Bethesda's gamble to reinvent the landscape of Fallout, if only for one game, is off to a historically poor start. Launching almost two weeks ago, Fallout 76 has just 29% of the active players that Fallout 4 had in the same timeframe, and with player reports of countless bugs, low review scores, and a holiday season once again bringing more games than anyone has time for, it may not be too soon to assume most potential players have already moved past the idea of giving much time to Fallout 76.
At E3, the announcement of Fallout 76 was met with mixed reactions. The series' usual formula of a deep single-player RPG experience was gone and in its place was an MMO focused on survival and base-building. As release grew nearer, Bethesda warned people often that the game would launch in a buggy state. Such a PR move seemed especially curious for them because their games have long been famous for such launches, so if now they had made it a focal point of their run-up to release, it must be especially problematic.
That reading turned out to be accurate as reviewers and players have since slammed the game on every outlet available. Its OpenCritic score of 53 rests in the basement of all AAA holiday 2018 games and it's been getting review-bombed on all the usual digital storefronts. Most notably of all, however, is the plain statistical truth we have on site. Compared to Fallout 4's early days after launch, Fallout 76 has just 29% of the active players. Fallout 4 had cleared 100,000 total players tracked on TA after 13 days, but today Fallout 76 has yet to eclipse 30,000. Most startlingly, the game has been on deep discount via most retailers since the weekend, and yet the game has not received a significant bump in player count. It hit 25,000 tracked players after six days, which means in the week since then it's only added another roughly 4,000 on TA. Across all platforms, we expect a similarly slow climb.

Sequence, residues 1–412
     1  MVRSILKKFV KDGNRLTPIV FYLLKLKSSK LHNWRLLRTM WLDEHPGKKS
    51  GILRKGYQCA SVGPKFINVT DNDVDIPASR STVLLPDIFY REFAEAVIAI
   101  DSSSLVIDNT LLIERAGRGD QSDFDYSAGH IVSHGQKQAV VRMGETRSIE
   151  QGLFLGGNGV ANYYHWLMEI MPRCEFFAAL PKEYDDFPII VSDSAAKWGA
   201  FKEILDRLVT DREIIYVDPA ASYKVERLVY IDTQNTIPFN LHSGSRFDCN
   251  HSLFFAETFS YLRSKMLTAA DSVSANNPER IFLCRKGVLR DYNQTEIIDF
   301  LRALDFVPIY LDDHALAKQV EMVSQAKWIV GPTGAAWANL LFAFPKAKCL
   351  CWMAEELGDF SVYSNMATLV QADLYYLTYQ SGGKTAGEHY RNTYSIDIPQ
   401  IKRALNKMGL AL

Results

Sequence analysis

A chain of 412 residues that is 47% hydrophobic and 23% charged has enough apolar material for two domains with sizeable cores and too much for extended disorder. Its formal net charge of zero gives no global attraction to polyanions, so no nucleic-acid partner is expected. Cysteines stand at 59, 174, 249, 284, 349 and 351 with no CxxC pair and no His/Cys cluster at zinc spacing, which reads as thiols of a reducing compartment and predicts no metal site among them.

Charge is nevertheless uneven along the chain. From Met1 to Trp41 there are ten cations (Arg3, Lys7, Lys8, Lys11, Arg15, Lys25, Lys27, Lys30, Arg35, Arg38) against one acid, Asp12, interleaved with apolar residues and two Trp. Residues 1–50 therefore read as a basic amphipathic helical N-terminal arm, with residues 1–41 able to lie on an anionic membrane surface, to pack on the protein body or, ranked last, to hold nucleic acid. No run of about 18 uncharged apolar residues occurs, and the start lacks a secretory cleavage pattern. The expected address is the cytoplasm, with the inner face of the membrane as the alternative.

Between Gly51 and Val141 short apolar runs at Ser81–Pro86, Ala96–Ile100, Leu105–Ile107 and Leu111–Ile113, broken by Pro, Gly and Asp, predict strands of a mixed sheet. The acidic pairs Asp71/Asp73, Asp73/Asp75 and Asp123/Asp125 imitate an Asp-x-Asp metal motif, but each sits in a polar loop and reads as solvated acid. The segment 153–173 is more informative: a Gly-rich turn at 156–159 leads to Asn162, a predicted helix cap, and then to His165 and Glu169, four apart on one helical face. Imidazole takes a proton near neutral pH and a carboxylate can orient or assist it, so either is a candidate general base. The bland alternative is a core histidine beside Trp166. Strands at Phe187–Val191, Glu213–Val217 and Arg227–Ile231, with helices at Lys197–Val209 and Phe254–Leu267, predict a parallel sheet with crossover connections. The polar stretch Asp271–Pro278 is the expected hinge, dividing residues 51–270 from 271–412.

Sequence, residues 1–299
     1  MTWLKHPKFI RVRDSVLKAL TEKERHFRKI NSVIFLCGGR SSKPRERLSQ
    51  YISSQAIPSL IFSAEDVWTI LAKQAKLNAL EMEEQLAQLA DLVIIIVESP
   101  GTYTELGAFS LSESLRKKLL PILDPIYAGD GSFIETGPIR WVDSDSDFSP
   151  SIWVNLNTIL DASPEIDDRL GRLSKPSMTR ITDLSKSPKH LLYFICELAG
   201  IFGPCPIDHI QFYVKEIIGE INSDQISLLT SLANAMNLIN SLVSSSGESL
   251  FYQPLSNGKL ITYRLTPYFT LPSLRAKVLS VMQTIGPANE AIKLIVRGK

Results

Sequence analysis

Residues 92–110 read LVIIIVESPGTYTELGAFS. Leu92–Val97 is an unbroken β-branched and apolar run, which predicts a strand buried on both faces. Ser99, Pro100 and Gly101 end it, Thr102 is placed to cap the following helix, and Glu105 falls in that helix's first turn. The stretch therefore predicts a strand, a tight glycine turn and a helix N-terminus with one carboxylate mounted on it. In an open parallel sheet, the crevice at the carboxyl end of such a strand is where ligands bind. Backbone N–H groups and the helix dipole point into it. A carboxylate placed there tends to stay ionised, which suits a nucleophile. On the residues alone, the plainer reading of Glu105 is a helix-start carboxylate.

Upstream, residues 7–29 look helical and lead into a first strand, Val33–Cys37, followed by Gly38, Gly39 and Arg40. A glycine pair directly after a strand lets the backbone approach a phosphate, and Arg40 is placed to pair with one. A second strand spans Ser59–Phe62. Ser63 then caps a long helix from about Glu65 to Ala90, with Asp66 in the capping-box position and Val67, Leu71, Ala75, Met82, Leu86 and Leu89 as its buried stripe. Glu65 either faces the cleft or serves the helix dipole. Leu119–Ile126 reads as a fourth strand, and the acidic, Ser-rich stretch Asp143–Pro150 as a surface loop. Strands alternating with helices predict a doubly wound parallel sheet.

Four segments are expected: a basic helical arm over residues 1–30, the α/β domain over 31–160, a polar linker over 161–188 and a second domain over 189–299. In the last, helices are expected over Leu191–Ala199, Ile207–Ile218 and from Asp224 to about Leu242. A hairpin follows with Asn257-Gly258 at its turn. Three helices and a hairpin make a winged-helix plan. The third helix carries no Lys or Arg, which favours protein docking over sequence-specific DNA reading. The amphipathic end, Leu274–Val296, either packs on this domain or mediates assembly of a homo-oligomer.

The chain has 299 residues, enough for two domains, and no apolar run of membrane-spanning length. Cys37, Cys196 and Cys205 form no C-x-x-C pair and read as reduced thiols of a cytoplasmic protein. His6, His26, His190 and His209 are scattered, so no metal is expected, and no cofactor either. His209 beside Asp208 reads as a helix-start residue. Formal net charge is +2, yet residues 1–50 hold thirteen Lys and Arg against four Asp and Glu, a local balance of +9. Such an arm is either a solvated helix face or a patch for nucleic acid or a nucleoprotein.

As a publisher, Bethesda has made it a recent habit to announce a game and release it just months later. It's a practice much appreciated by players who have been mentally trained to expect long marketing calendars and at least one delay. However, in the case of Fallout 76 one has to wonder what the benefit was to launching this game as troubled as it is. It seems like their reputation for buggy but beloved games empowered Bethesda Game Studios to feel like this launch would follow in the same footsteps as Fallout 4, Skyrim and others before it. The usual refrain of "yeah it's buggy, but..." is no longer working in this case, and the developers were probably relying on that.
With Starfield and The Elder Scrolls VI both expected to arrive next from Todd Howard's studio, that leaves Fallout 76 as the last game in the series for at least the next several years. As an MMO, it's meant to change, grow, and improve over time, and surely the game already has a pocket of players that appreciate it for what it is today. But with so many games to choose from and so much negative press out of the gate, it feels like in less than two weeks most would-be players have already dropped Fallout 76 like an atom bomb.
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